Pope Francis preached his homily from a simple wooden podium at the Cathedral Basilica of SS. Peter and Paul. (Sarah Webb)

Pope Francis preached his homily from a simple wooden podium at the Cathedral Basilica of SS. Peter and Paul. (Sarah Webb)

Pope Francis’ visit to Philadelphia beginning Saturday morning, Sept. 26, and continuing through Sunday represented more than smiles and cheers from the crowd for arguably the world’s most popular man today.

Reaction from the 1,600 Catholic priests, deacons, men and women religious and lay people from across the Philadelphia Archdiocese attending the papal Mass at the Cathedral Basilica of SS. Peter and Paul suggested the presence of the pope was a cathartic remedy for a local church ready to emerge confidently from the most turbulent decade in its more than 200-year history.

The pope’s stop in Philadelphia closed the Eighth World Meeting of Families and began the final leg of his three-city apostolic visit to the United States this week, after two days each in Washington and New York.


From Tuesday to Friday, Sept. 22-25, some 20,000 souls had descended on the city from across the U.S. and from 100 countries, making it the largest triennial World Meeting ever held. Many of those pilgrims stayed in the city after the last session Sept. 25 to join the papal events for the weekend in a carnival atmosphere.

But Saturday morning’s Mass celebrated by Pope Francis had earlier been billed as one “for the people of the Archdiocese of Philadelphia,” and the invited faithful participated in an elegant, sublime and emotional liturgy.

(See a photo gallery here.)

The adjoining Chapel of Our Lady of the Blessed Sacrament was also filled, bringing the number of worshipers up to 1,600, organizers of the Mass estimated.

The 10:30 a.m. Mass began with Pope Francis wearing simple white vestments and following a long procession including the auxiliary bishops of Philadelphia, current and retired bishops of Pennsylvania dioceses, and directly behind a beaming Archbishop Charles Chaput.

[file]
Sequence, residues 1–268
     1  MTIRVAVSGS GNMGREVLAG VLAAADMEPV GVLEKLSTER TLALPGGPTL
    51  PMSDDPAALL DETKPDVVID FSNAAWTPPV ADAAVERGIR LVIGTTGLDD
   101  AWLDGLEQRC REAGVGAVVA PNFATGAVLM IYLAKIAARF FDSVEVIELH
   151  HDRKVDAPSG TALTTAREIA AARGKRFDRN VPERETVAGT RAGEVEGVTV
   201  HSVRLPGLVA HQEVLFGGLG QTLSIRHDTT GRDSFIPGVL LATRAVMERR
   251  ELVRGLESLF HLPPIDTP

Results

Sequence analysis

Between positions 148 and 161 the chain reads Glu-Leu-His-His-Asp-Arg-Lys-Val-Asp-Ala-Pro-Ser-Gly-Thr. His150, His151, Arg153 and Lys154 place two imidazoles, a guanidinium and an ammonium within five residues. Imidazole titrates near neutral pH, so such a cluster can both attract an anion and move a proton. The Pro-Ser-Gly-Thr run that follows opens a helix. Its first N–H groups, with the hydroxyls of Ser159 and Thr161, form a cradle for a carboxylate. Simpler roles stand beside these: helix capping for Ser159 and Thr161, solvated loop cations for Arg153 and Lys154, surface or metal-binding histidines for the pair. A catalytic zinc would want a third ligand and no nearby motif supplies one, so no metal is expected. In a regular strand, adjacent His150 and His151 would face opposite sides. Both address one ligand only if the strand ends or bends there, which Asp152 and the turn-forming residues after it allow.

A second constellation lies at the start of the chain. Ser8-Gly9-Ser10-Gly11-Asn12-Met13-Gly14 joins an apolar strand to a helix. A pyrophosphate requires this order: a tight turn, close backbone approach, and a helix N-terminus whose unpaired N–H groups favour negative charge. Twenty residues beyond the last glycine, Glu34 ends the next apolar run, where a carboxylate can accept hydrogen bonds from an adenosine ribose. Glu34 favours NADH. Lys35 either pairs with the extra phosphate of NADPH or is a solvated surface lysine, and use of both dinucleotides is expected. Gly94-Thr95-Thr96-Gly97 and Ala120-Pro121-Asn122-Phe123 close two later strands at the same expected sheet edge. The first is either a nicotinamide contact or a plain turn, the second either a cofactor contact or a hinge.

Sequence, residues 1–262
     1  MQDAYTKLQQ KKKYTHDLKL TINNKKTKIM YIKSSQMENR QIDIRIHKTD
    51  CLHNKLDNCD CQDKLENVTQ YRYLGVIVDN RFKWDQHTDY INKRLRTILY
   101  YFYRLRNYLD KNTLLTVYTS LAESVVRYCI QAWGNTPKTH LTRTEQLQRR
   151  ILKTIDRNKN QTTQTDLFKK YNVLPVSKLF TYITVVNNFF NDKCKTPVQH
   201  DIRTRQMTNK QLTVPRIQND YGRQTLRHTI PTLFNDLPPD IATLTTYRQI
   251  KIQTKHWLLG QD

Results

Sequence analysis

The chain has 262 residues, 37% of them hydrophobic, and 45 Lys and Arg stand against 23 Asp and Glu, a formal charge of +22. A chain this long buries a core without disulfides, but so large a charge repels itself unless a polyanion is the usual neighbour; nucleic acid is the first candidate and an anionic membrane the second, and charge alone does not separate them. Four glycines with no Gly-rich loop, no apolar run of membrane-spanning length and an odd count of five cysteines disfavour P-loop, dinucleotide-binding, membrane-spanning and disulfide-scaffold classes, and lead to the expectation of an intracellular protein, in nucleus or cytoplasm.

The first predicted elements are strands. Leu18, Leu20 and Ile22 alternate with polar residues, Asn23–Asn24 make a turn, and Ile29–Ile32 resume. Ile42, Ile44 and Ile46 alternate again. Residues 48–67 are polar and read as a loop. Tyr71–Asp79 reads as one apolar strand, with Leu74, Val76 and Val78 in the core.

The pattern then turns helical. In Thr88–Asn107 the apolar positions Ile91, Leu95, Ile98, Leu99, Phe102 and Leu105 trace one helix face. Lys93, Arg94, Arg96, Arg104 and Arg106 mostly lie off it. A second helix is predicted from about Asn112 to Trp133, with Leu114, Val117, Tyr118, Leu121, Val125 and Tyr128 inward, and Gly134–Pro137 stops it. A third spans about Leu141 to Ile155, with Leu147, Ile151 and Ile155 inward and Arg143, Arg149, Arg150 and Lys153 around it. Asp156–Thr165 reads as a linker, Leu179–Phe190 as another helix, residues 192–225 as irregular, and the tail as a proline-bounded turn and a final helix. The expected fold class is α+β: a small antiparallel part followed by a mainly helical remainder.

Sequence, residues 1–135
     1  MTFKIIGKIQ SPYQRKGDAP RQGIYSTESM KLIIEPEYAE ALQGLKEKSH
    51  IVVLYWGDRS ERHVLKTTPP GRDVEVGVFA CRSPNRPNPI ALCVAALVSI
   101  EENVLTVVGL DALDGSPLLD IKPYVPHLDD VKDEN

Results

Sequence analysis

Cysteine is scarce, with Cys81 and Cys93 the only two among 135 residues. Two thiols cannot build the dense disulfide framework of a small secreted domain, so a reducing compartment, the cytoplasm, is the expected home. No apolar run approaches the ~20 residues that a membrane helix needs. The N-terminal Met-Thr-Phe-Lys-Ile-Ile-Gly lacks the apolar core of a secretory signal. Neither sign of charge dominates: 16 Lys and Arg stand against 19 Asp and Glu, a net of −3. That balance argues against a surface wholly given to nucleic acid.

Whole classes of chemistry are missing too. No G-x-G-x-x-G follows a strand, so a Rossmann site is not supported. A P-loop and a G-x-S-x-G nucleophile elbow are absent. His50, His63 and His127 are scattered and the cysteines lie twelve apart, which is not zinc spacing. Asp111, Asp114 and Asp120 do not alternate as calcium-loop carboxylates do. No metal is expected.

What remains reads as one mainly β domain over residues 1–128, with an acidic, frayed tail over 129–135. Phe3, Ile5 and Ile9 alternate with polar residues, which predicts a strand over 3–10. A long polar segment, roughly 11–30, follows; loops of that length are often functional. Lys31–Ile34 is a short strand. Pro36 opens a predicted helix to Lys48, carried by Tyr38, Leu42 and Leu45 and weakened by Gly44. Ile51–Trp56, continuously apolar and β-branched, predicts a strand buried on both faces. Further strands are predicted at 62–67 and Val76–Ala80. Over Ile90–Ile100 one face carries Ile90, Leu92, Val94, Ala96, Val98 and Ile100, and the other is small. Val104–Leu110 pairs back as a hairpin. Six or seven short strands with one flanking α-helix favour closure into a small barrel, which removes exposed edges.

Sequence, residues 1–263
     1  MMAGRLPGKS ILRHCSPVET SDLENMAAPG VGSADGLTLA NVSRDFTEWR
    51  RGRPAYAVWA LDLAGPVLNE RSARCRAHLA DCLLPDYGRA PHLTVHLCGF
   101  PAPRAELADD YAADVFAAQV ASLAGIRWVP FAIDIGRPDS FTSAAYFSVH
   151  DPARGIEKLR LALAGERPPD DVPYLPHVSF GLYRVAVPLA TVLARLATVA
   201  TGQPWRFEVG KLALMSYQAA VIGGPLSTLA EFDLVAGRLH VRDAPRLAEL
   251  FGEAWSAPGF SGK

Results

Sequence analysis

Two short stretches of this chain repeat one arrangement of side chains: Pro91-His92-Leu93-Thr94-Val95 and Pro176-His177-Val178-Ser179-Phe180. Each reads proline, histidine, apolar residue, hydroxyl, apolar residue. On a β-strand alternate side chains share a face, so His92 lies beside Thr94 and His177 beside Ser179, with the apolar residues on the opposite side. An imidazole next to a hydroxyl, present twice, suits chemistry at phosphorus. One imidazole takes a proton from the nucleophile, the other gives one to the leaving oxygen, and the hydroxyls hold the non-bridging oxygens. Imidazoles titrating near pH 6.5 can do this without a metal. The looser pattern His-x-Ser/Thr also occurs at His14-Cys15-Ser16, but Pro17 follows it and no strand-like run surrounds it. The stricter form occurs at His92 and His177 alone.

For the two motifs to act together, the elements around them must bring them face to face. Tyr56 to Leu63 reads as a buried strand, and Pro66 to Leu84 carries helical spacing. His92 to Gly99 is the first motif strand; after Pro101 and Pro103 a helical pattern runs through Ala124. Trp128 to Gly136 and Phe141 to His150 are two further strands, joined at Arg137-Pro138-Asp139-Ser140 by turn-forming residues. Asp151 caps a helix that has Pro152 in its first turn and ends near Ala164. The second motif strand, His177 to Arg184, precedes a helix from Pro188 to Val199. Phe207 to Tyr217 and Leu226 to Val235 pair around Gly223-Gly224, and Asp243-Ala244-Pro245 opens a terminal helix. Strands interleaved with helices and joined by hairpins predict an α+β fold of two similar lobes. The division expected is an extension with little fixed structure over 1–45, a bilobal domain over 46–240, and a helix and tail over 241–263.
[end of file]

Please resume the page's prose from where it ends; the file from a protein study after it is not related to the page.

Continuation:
(Read the reactions of people watching the Mass on screens outside the cathedral, here.)

The 100-voice combined Cathedral and Archdiocesan Choirs, led by David Kimock and backed by a small orchestra, led the congregation in the Marian hymn “Hail Holy Queen,” in honor of the day’s votive Mass for our Lady, Mother of the Church.  Sung by the choir and congregation with such devotion, more than a few people were moved to dry tears from their eyes.


In his homily delivered in Spanish and translated every few sentences into English, Pope Francis affirmed the faithful of the archdiocese and laid down a challenge to them. (Read the full text of the homily here.)

The pope used the example of Philadelphia’s first female saint, St. Katharine Drexel, to inspire everyone in the cathedral to take up a mission of service to the church.

“Each one of us has to respond, as best we can, to the Lord’s call to build up his Body, the Church,” the pope said. No less than four times he used the Spanish phrase, “y tu” — “and you” — to echo Pope Leo XIII’s question to St. Katherine: “What about you?”

That pope’s words to a young Katharine changed her life and “made her think of the immense work that had to be done, and to realize that she was being called to do her part,” Pope Francis said.

He recognized the many young people today who like Katharine, he said, “have the same high ideals, generosity of spirit, and love for Christ and the Church! Do we challenge them? Do we make space for them and help them to do their part? To find ways of sharing their enthusiasm and gifts with our communities, above all in works of mercy and concern for others? Do we share our own joy and enthusiasm in serving the Lord?”

Pope Francis called everyone to “a sense of personal responsibility for the Church’s mission.” He urged them not to rely on “maintaining our structures and institutions, which have served us well,” but by “being open to the possibilities which the Spirit opens up to us and communicating the joy of the Gospel, daily and in every season of our life,” he said.

He also called for a renewed emphasis on the participation of lay people in the church.

“Our challenge today,” the pope said, “is to build on those solid foundations and to foster a sense of collaboration and shared responsibility in planning for the future of our parishes and institutions.”

Pope Francis gave thanks for the contributions of religious women and men, and the leadership of priests in the archdiocese. He prayed that the Blessed Virgin Mary, “with a mother’s love,” would intercede for the growth of the Catholic Church in America.

“I pray for each of you, and I ask you, please, to pray for me,” he concluded.

Pope Francis celebrated the Liturgy of the Eucharist with the hundreds of concelebrating priests and bishops, joined on the high altar by Archbishop Chaput, retired archbishop of Philadelphia Cardinal Justin Rigali, and Auxiliary Bishops Timothy Senior and John McIntyre.

After communion, Archbishop Chaput welcomed Pope Francis to Philadelphia. The two men walked into the center of the cathedral sanctuary and embraced, to the thundering applause of the congregation. It was sustained as the pope gave the archbishop the gift of a gold chalice, and continued as they embraced again.

As the Mass ended the pope walked through the cathedral and into the chapel, where another roar of acclaim arose as he entered the chapel doors. He blessed sick children lying in wheeled beds in front of the first pews, then exited the chapel to conclude the liturgy.